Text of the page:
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Tuesday, October 3, 2023

Emergent analogical reasoning in large language models

Webb, T., Holyoak, K.J. & Lu, H. 
Nat Hum Behav (2023).


The recent advent of large language models has reinvigorated debate over whether human cognitive capacities might emerge in such generic models given sufficient training data. Of particular interest is the ability of these models to reason about novel problems zero-shot, without any direct training. In human cognition, this capacity is closely tied to an ability to reason by analogy. Here we performed a direct comparison between human reasoners and a large language model (the text-davinci-003 variant of Generative Pre-trained Transformer (GPT)-3) on a range of analogical tasks, including a non-visual matrix reasoning task based on the rule structure of Raven’s Standard Progressive Matrices. We found that GPT-3 displayed a surprisingly strong capacity for abstract pattern induction, matching or even surpassing human capabilities in most settings; preliminary tests of GPT-4 indicated even better performance. Our results indicate that large language models such as GPT-3 have acquired an emergent ability to find zero-shot solutions to a broad range of analogy problems.


We have presented an extensive evaluation of analogical reasoning in a state-of-the-art large language model. We found that GPT-3 appears to display an emergent ability to reason by analogy, matching or surpassing human performance across a wide range of problem types. These included a novel text-based problem set (Digit Matrices) modeled closely on Raven’s Progressive Matrices, where GPT-3 both outperformed human participants, and captured a number of specific signatures of human behavior across problem types. Because we developed the Digit Matrix task specifically for this evaluation, we can be sure GPT-3 had never been exposed to problems of this type, and therefore was performing zero-shot reasoning. GPT-3 also displayed an ability to solve analogies based on more meaningful relations, including four-term verbal analogies and analogies between stories about naturalistic problems.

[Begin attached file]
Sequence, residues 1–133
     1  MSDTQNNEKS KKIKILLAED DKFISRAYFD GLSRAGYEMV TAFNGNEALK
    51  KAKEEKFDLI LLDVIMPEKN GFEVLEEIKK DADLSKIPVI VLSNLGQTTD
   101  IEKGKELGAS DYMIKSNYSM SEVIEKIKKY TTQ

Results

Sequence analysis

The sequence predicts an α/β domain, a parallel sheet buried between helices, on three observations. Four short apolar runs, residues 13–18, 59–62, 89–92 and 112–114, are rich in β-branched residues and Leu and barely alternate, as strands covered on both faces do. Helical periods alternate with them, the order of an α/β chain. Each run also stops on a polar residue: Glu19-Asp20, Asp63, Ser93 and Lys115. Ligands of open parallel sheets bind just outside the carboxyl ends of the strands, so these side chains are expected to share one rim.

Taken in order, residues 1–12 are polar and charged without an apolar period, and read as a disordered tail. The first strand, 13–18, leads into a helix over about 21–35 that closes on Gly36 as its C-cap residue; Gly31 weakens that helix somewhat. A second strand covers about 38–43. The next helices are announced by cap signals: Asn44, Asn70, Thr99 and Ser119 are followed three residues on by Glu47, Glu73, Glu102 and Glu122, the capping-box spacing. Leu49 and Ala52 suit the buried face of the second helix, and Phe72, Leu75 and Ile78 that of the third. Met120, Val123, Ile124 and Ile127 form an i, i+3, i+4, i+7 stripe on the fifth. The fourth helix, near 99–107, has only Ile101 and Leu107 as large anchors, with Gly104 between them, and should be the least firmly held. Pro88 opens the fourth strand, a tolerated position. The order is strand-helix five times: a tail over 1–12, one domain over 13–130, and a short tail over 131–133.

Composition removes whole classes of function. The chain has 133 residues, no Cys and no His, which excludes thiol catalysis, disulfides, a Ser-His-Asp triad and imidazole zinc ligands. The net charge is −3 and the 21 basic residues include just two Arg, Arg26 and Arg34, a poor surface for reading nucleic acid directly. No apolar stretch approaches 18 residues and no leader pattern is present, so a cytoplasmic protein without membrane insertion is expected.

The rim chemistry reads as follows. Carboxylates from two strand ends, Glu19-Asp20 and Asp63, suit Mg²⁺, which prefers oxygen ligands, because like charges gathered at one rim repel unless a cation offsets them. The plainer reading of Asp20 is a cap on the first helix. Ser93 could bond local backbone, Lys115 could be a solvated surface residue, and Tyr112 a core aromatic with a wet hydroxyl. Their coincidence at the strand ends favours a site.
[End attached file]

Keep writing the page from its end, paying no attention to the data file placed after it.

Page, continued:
It is certainly not the case that GPT-3 mimics human analogical reasoning in all respects. Its performance is limited to the processing of information provided in its local context. Unlike humans, GPT-3 does not have long-term memory for specific episodes. It is therefore unable to search for previously-encountered situations that might create useful analogies with a current problem. For example, GPT-3 can use the general story to guide its solution to the radiation problem, but as soon as its context buffer is emptied, it reverts to giving its non-analogical solution to the problem – the system has learned nothing from processing the analogy. GPT-3’s reasoning ability is also limited by its lack of physical understanding of the world, as evidenced by its failure (in comparison with human children) to use an analogy to solve a transfer problem involving construction and use of simple tools. GPT-3’s difficulty with this task is likely due at least in part to its purely text-based input, lacking the multimodal experience necessary to build a more integrated world model.

But despite these major caveats, our evaluation reveals that GPT-3 exhibits a very general capacity to identify and generalize – in zero-shot fashion – relational patterns to be found within both formal problems and meaningful texts. These results are extremely surprising. It is commonly held that although neural networks can achieve a high level of performance within a narrowly-deļ¬ned task domain, they cannot robustly generalize what they learn to new problems in the way that human learners do. Analogical reasoning is typically viewed as a quintessential example of this human capacity for abstraction and generalization, allowing human reasoners to intelligently approach novel problems zero-shot.